Academic journal article Journal of International Students

Kilimanjaro: A Case of Meaningful Adventure and Service Learning Abroad

Academic journal article Journal of International Students

Kilimanjaro: A Case of Meaningful Adventure and Service Learning Abroad

Article excerpt


This qualitative evaluation explored how female undergraduate students developed an understanding of themselves and the broader world as a result of an adventure and service learning experience in Tanzania, Africa. The project built upon theoretical frameworks regarding meaningful learning-active, constructive, intentional, and authentic-and applied activity theory as a framework for interpreting outcomes. The study included multi-faceted examination of student perceptions of the effects of the year-long experience that culminated in a ten day trip to Tanzania, including a climb to the summit of Mount Kilimanjaro. Students' reflections on the impacts of the trip focused on wanting, doing, reflecting, and relating. Thus, the experience catalyzed change in students' understanding of the world that strongly indicates a meaningful learning experience.

Keywords: Learning abroad, Adventure learning, Activity theory, Meaningful learning

Instilling the capacity in graduates for teamwork, problem-solving, intercultural understanding, and global awareness has been central among the goals of higher education as articulated by employers and government agencies in recent years (Partnership for 21st Century Skills, 2009; UNESCO, 2000; UAE MOHESR, 2007; AAC&U, 2011). Learning experiences provided by undergraduate colleges that have a liberal education approach align well with these goals. A liberal education prepares graduates to "deal with complexity, diversity, and change" (AAC&U, 2011, p.3) by integrating knowledge of the world and social responsibility into a field of study. These capacities must be developed in authentic contexts that counter the "natural habitat" of many urban college students: indoors, using devices, traveling in climate controlled transport through very little green space, and exercising in gyms (US Department of Labor, 2013). Stretching students outside of their comfort zone provides experiences that counteract "nature-deficit disorder" (Louv, 2005).

Structured educational travel experiences, including adventure learning trips, have become a strategy used in colleges and universities for developing valuable personal growth (Sterling, 2010). There are many benefits reported for student wilderness travel, such as increased awareness of one's current group, surroundings, and the experience itself. It also leads to a mindfulness due to a focus on the experience as well as formation of supportive long-term bonds and results in increased college retention, improved self-awareness (Torsney, 2008), and raised global engagement (Paige, 2009).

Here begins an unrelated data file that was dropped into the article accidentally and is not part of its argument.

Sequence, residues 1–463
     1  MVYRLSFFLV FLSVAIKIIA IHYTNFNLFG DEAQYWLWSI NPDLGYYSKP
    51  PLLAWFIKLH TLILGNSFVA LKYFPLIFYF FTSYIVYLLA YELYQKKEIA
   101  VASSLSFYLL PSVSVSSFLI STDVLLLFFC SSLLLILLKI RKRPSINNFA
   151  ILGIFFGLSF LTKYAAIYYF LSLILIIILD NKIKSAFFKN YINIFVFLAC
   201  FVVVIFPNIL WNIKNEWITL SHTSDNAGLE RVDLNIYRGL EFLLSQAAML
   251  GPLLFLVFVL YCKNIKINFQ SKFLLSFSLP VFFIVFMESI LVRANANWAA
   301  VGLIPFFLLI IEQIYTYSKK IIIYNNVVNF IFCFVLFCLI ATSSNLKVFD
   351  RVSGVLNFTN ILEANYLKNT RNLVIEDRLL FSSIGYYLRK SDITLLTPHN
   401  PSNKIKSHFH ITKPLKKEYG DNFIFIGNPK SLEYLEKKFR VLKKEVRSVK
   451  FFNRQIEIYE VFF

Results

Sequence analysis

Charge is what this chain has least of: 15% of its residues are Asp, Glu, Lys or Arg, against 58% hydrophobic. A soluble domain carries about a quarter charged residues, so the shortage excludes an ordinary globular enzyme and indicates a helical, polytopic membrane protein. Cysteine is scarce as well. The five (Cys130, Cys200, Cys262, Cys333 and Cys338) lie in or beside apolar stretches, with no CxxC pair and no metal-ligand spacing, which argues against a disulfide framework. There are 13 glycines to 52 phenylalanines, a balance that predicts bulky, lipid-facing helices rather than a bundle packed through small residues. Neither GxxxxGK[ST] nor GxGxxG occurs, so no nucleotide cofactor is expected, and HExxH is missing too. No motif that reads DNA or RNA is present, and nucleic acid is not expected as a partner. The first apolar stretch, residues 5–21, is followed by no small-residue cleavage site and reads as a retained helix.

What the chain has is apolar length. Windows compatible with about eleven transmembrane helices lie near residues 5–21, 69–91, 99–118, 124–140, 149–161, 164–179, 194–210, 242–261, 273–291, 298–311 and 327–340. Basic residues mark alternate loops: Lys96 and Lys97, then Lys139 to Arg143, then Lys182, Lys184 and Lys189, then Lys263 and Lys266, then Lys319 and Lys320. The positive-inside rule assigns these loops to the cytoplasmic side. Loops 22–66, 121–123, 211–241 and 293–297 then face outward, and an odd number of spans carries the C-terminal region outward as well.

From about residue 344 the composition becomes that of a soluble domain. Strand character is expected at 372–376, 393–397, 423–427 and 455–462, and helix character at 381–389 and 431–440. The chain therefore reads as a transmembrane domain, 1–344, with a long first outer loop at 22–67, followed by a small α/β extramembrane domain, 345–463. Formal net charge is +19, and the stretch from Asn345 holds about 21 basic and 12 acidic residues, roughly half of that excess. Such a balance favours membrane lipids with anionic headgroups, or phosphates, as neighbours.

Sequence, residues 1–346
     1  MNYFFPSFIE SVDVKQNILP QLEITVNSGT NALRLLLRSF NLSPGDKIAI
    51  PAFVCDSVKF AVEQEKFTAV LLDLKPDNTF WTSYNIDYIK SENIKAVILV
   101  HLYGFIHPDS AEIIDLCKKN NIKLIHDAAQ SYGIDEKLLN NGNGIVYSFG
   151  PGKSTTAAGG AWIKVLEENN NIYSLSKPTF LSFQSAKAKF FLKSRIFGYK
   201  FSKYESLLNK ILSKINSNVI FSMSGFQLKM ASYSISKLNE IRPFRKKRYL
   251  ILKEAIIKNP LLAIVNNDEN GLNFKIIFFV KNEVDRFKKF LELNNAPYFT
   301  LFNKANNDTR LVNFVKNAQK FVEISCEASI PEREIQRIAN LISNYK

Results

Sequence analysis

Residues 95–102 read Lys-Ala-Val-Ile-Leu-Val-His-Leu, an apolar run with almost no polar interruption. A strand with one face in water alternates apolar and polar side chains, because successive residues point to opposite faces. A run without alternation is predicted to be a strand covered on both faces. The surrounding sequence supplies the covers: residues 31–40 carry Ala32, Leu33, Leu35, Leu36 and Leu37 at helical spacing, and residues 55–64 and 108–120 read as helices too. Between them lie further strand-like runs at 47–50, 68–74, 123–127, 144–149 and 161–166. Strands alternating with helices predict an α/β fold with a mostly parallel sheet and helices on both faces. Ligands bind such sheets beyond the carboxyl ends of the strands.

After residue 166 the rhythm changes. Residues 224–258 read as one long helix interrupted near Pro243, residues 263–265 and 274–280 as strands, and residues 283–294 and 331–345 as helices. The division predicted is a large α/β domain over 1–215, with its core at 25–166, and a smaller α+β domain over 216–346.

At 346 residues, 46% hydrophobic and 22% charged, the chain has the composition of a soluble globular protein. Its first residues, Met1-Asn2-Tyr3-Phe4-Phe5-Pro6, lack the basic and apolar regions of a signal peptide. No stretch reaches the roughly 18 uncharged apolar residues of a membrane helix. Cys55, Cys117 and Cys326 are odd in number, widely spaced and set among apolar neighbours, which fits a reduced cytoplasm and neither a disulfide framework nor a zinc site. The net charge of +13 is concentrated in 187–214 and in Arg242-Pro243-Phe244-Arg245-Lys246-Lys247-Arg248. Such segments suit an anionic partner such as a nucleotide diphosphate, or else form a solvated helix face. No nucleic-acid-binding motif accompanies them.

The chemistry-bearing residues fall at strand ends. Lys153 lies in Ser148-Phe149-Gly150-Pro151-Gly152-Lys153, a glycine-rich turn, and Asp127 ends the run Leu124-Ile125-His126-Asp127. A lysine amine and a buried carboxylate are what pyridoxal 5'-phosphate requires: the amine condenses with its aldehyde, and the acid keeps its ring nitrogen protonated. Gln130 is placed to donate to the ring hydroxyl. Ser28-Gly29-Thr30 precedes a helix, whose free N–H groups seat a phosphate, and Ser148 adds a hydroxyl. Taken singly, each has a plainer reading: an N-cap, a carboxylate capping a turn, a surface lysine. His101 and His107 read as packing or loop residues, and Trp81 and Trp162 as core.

Nine students from a women's college in the United Arab Emirates (UAE) chose a climb of Mount Kilimanjaro to mark the 25th anniversary of their college, becoming the first team of Arab women to reach the summit. This article reports the impact of the adventure and service experience in Tanzania, Africa and how it impacted the personal transformation of the group of female Emirati undergraduate students. Qualitative analysis of interview data was used to explore how the team experienced personal transformation in their understanding of themselves and their world as a result of the climb and the associated service project at a Tanzanian school.

Literature Review

Adventure learning experiences may focus on personal growth and support the formal learning outcomes of the academic curriculum. In research, adventure learning participants have reported personal impacts from the challenging experiences in nature that comprise planned adventure learning in education (McKenzie, 2000; Marsh, 2008). For example, outcomes of an Outward Bound course included increased self-confidence, expanding personal limits, and increased respect for others (Martin & Leberman, 2005) as reported by participants.

Relevant to our women's college, women's adventure programs have been associated with increased personal growth, tolerance, self-esteem, confidence, as well as acquisition of technical skills and improved level of participation in leadership development (Stone & Petrick, 2013). …

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